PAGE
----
For you did not receive a spirit of slavery to fall back into fear. Instead, you received the Spirit of adoption, by whom we cry out, “Abba, Father!” The Spirit himself testifies together with our spirit that we are God’s children.Romans 8:15–16
Way back in 2001 I was living in Hamilton, Ontario, and studying at McMaster University. I was also going through a season of anxiety and depression. And while on the phone one day with my Mother, I ended up talking about how when I was in Junior High I decided not to go through with meeting my biological father. I had never met him in person, had no relationship with him, and had only had minimal contact on the phone. Anyway, I don’t recall how the topic came up between my Mom and I, but my recollection was that I had begun to make arrangements to meet my biological father in person but had changed my mind. I remember saying something along the lines of, “Well, Mom, I’ve got a mother who loves me, and I’ve come this far without a father.” Or something like that.
I was sure that’s how things went.
But when I said this while on the phone with my Mom, there was quiet on the other end of the conversation. Then she said, “Derek, that’s not how it went.”
Let’s just say that things can happen to us that are so painful and difficult to process that our minds hide the truth to protect us. It’s like we have this internal psychological and emotional defensive mechanism. For me, this meant replacing the truth of what had happened with a much less painful, but false version of a profound moment in my life.
“You went to meet him, and he never showed up.”
I was speechless. My Mom’s words hit me hard and reopened a wound I didn’t even know was there.
The truth is this: I’ve been living out the pain of having been abandoned by my biological father for decades. Although I haven’t always realized it. But this reality has shaped me, how I see myself, and how I relate to other people, especially other men. It’s also affected my relationship with God. Only in recent years have I really begun to reckon with this wound and been able to let God in to begin healing it.
Let me be clear, when I say that I have been living out of the pain of this experience of a father not showing up, I don’t mean that I have been daily lamenting this sad fact of my existence. I don’t even mean that I been conscious of the pain as pain. Or at least not as pain about having been abandoned by this person who is partly responsible for bringing me into the world but who I’ve never met.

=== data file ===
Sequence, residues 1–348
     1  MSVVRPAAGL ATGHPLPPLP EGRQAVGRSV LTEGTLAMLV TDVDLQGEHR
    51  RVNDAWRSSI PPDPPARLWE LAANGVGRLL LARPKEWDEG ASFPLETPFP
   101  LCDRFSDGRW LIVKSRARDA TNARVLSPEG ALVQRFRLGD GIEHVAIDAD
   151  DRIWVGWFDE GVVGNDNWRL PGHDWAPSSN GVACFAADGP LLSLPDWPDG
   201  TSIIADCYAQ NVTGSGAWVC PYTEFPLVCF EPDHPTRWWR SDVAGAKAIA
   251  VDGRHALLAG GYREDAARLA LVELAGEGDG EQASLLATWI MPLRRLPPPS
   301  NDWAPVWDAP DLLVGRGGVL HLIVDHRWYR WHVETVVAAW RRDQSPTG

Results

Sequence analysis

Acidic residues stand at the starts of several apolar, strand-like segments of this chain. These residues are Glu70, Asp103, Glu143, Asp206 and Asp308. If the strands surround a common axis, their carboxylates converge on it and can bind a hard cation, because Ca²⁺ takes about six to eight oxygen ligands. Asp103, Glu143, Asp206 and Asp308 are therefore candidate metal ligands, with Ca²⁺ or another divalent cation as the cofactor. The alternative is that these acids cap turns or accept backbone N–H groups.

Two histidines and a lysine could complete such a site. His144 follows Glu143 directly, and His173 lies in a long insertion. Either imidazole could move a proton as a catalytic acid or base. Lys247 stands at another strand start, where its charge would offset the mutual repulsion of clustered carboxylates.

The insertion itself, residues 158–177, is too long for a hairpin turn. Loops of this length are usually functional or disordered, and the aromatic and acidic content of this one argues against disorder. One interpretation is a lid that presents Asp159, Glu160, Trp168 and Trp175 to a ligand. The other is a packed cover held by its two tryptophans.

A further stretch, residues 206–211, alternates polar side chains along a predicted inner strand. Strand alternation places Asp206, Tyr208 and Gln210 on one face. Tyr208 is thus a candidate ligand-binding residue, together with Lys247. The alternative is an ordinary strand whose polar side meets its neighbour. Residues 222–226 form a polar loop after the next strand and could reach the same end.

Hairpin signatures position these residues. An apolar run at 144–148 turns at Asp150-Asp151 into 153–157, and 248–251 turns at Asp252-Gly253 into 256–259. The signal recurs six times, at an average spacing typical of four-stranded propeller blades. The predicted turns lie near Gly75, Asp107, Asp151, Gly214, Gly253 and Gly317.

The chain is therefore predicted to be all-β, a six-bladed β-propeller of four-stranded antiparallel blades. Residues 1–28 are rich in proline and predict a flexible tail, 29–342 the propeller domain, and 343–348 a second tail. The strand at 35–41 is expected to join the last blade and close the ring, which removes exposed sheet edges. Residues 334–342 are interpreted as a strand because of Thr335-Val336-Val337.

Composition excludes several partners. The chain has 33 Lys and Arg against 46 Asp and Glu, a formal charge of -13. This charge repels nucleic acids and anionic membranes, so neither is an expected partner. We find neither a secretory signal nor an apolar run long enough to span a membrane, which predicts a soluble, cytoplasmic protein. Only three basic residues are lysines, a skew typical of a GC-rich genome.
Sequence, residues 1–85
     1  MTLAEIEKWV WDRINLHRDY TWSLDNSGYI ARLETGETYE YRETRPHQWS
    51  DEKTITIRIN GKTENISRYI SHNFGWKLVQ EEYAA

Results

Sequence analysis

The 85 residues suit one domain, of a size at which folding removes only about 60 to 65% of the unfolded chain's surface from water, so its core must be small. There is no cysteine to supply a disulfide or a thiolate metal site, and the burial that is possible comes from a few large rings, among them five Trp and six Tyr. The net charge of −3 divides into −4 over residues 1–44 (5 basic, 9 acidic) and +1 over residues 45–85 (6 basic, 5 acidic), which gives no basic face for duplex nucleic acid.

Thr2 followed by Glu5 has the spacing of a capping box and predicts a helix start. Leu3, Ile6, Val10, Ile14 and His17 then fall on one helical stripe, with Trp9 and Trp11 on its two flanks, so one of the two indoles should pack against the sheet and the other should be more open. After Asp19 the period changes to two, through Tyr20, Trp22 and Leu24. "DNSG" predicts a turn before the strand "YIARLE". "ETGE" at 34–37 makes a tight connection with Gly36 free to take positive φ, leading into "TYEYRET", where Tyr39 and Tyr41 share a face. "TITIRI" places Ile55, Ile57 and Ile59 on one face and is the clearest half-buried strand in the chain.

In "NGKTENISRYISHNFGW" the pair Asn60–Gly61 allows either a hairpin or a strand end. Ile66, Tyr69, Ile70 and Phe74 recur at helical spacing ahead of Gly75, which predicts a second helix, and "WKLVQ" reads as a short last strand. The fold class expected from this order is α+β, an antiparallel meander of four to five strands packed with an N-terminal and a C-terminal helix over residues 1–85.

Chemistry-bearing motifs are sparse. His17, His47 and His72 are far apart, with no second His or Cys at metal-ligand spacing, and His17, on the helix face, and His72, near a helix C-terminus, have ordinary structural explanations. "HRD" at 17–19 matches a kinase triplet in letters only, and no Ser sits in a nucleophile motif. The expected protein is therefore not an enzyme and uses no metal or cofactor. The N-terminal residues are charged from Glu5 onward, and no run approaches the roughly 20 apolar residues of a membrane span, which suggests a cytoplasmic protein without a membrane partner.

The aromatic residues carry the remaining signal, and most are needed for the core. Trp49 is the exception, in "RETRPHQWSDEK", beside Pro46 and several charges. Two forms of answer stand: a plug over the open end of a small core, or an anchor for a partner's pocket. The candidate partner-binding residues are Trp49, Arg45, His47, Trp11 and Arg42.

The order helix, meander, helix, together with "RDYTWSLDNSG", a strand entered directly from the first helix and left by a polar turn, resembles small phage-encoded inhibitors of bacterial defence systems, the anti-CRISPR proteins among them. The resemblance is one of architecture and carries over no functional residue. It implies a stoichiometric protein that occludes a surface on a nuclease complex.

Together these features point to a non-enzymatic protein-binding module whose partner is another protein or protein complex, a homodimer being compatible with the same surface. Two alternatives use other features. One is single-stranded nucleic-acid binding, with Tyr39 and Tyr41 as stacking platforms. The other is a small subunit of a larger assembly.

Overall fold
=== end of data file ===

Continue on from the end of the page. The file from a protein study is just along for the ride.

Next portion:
No, I mean the pain of having become someone who has often felt insecure as a man and has felt like a boy who’s never quite grown past adolescence, a child trying to make his way in an adult world and feeling out of place the whole time. I mean feeling like I don’t belong. I mean not being able to accept that there is a God who loves and accepts me–who actually desires to be my Father.
It’s funny that I didn’t even remember an experience that has had such far-reaching consequences for my life.
So why do I share all of this?
While it’s taken years, I have come to know and experience an infinitely better, more loving, ever-present Father. God the Father will never abandon me and reject me. Because through Jesus and by the power of the Holy Spirit I have been adopted by God the Father as a son. I am his.
Lots of people have “daddy” issues. It’s a narrative woven even into pop-culture, in the lives of TV and movie characters we know and love. I am hardly unique. I am not alone in being hurt by a parent figure. Heck, even those of us parents who love our children might still hurt them in one way or another!
The point is people–including those closest to us, family, those who are supposed to care for us–will disappoint us. They will let us down. I wouldn’t be surprised to find out that the man who is my biological father is (was?) a good man, a decent guy, who went on to have a family who he loved and who loved him. Indeed, really, he’s more of an abstraction to me, a symbol. That he chose on that day not to show up and meet me doesn’t neccessarily make him especially evil or malicious. It does, however, mean that he’s simply another sinful human being capable of making poor choices because of fear and selfishness.
All the more reason to be grateful that I have a God, a Father, to whom I belong. Sure, I don’t trust him perfectly, but I am learning to do so. I will be for the rest of my life. But for that process to move ahead, for me to grow to trust my heavenly Father more and more, I have had to contend with what happened all those years ago.
Maybe you have been wounded too. Surely you have somehow. No doubt someone has hurt you. And perhaps you’ve chosen to push it down and push it away, believing that this is how to move on. I understand. But the problem is, by ignoring our pain it has its way with us: with how we relate to others, ourselves, and to God. Just like a physical wound left untreated can become infected and cause more damage, so with emotional wounds. Though beginning treatment can often be painful (because it’s scary and difficult!), it is a pain that actually leads to healing and freedom, bit by bit, step by step. God the Father is a precise and tender physician. You can learn to trust him with your deepest hurts, just as I did and continue to do.